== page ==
for example: i grew tits when i hit puberty. that happens a lot with 47,XXY and so does breast cancer, and boy howdy ain't it gonna be a whole day of fun if i ever find a lump in my breast and have to go in for a mammogram! i've already had to self-treat a kidney infection secondary to UTI with fish mox because good fucking luck getting a doctor to take that presentation seriously because men don't *get* UTIs, which isn't true even before we get to the fact that I'm not male. can't fix cancer with fish mox, though, so if that day ever does come, on top of being terrified of the possibility that I have cancer, I'll 99.99% likely be having to deal with a medical system that doesn't have a cozy little box to fit me in and might find it less confusing to let me grow metastases and die, than to get its fucking thumb out and try to save my life. and mentioning that i'm 47,XXY, or that i *like* my tits and they're a part of me and i want to keep them if i can, will make all that *more* complicated and not simpler. do you think that wish for bodily autonomy will likely be respected in that situation? i sure as hell wish i did!
so you see? that's what this is about, and that's *all* this is about, and even at that being 47,XXY means i've got it pretty easy because for most purposes i can get away with pretending to be male. the point is that we often face these situations in which we are required to be tactical and crafty in order to ensure that people will do medicine for us instead of trying to do science to us, or just ignore us entirely because by them that's just easier, and it shouldn't be that way.
as far as how we do experience and perform our gender, it's pretty much the same as how anyone else does, except in the parts where it isn't. which again is pretty much like how it is for anyone else - there are things about us that really are unique to people who are made like we are, but none of them is this one, and the reason you got an angry response is that you seemed to be hijacking a discussion of a way in which we are unique to talk about a way in which we aren't.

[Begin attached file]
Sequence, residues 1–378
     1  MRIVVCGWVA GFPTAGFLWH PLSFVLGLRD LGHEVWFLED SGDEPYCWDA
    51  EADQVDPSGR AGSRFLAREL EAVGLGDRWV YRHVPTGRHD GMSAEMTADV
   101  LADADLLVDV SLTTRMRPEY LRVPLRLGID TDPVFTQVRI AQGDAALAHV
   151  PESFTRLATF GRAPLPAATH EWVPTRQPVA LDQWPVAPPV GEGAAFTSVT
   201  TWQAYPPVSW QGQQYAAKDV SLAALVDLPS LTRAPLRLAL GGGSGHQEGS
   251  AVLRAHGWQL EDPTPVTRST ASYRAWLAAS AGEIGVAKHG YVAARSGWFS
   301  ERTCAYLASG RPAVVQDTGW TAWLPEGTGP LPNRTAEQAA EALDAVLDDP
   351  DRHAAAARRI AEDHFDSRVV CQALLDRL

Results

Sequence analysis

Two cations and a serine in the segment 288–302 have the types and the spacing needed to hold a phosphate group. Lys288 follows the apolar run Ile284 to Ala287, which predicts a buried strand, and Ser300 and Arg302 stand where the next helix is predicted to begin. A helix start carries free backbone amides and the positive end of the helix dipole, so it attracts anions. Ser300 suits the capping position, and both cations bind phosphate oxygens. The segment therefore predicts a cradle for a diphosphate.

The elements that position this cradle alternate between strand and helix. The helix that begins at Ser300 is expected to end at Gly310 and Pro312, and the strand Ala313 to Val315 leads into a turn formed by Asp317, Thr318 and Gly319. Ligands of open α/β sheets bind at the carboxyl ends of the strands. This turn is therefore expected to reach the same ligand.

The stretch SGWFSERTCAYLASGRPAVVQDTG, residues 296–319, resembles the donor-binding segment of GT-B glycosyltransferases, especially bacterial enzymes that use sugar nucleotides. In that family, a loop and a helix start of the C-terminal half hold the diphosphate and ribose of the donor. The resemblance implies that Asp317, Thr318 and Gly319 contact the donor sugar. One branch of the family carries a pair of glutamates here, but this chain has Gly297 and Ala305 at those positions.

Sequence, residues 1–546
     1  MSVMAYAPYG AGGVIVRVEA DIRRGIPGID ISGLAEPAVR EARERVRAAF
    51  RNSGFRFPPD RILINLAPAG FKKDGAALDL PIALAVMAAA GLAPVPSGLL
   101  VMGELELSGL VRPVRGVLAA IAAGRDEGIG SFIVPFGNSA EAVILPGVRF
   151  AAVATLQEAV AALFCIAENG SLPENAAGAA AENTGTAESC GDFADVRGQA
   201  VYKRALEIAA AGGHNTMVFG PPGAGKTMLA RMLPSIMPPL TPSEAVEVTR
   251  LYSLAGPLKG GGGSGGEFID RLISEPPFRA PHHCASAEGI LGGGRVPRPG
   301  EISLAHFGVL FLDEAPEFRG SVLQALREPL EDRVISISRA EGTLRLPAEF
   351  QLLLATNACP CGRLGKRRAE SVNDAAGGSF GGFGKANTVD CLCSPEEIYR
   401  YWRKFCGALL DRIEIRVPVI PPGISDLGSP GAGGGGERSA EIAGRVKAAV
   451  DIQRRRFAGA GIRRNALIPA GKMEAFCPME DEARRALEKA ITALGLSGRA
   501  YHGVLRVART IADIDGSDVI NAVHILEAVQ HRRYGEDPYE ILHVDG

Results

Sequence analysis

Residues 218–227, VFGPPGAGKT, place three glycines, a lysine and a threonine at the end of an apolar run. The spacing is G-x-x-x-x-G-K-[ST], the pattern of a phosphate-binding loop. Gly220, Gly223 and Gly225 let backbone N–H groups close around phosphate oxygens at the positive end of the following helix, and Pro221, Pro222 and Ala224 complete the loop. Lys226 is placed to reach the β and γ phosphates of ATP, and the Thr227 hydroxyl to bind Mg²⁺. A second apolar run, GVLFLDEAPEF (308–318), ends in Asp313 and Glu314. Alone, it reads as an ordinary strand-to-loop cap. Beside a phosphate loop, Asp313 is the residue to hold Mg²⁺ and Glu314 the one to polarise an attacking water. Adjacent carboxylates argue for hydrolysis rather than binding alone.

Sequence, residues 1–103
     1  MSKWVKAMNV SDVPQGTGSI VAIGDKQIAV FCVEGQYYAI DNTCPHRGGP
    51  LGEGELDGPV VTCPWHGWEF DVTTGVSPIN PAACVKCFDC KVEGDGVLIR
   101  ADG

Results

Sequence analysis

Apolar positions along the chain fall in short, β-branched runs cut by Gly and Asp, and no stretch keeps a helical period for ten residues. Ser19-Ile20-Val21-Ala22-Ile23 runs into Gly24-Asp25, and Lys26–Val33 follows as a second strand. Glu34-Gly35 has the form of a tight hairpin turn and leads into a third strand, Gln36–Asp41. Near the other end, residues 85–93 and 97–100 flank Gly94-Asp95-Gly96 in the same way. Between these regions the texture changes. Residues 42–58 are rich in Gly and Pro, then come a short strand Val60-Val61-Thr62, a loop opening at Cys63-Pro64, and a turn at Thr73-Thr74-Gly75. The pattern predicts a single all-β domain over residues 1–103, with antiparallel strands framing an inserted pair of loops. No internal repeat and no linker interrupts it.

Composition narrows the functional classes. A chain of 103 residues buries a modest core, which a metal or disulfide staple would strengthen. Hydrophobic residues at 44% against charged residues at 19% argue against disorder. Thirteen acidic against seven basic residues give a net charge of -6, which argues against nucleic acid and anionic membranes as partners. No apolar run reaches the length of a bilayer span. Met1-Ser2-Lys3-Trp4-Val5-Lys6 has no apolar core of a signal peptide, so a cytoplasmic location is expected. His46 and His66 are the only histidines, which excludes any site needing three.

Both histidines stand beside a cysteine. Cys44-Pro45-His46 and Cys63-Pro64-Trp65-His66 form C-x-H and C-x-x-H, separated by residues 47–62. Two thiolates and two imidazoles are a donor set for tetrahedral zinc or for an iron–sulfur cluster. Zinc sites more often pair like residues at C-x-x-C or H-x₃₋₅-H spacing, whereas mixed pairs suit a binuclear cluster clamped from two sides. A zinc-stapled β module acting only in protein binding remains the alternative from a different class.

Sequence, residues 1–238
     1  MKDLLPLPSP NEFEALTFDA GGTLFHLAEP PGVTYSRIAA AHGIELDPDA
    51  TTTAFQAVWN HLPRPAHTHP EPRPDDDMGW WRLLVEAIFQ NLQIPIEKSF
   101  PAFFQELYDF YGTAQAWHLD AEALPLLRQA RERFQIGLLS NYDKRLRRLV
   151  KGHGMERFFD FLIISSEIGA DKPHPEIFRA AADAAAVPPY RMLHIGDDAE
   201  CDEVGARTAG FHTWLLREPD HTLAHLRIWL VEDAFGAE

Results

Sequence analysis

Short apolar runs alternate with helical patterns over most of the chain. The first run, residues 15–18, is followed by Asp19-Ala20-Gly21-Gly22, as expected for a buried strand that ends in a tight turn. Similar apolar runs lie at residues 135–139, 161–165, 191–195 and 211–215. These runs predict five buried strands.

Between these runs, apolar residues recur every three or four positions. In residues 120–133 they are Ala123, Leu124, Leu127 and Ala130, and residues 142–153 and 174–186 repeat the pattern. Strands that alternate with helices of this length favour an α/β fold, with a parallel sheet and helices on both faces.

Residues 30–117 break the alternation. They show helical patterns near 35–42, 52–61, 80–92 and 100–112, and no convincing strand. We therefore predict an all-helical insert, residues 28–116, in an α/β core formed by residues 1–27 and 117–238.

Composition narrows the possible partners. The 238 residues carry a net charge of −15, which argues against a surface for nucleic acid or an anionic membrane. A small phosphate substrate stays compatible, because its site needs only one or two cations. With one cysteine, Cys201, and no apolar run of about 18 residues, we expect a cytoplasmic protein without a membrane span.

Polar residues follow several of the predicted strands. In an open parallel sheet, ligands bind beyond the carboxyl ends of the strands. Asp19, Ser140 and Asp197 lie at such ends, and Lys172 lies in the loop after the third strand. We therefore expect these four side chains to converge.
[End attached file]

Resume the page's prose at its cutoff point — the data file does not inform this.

note that word "seemed!" i recognize that you were acting in good faith. unfortunately, acting in good faith is no guarantee of not goofing it, and goof it i'm afraid you did. as you already know, it doesn't feel great to be crammed into a binary that doesn't fit, no matter which one that happens to be, and while again i understand that is not what you were trying to do, it *feels* pretty indistinguishable from what you did do. there's a time and a place, you know? and while curiosity is in itself meritable, it is worth considering whether a declaration that someone exists is the time or the place for a detailed analysis and dissection of just *why* and *how* we exist.
there's a lesson worth drawing from that, but whether or not you do so is your concern, not mine, and i shan't belabor it further. in any case, i really do hope this has served somewhat to clarify!
if not, i'll point you again to the Darlington Statement: https://ihra.org.au/darlington-statement/ - that document has had much more thought put into it than I have to spare just now, and I have in any case had a long day which has left me somewhat tired. If that leaves you with more questions, please feel free to ask them! - no earlier than tomorrow.
I was friends with one in High School and I never knew it until many years later, but jeez, they were and still are, one of the coolest & nicest people on Earth.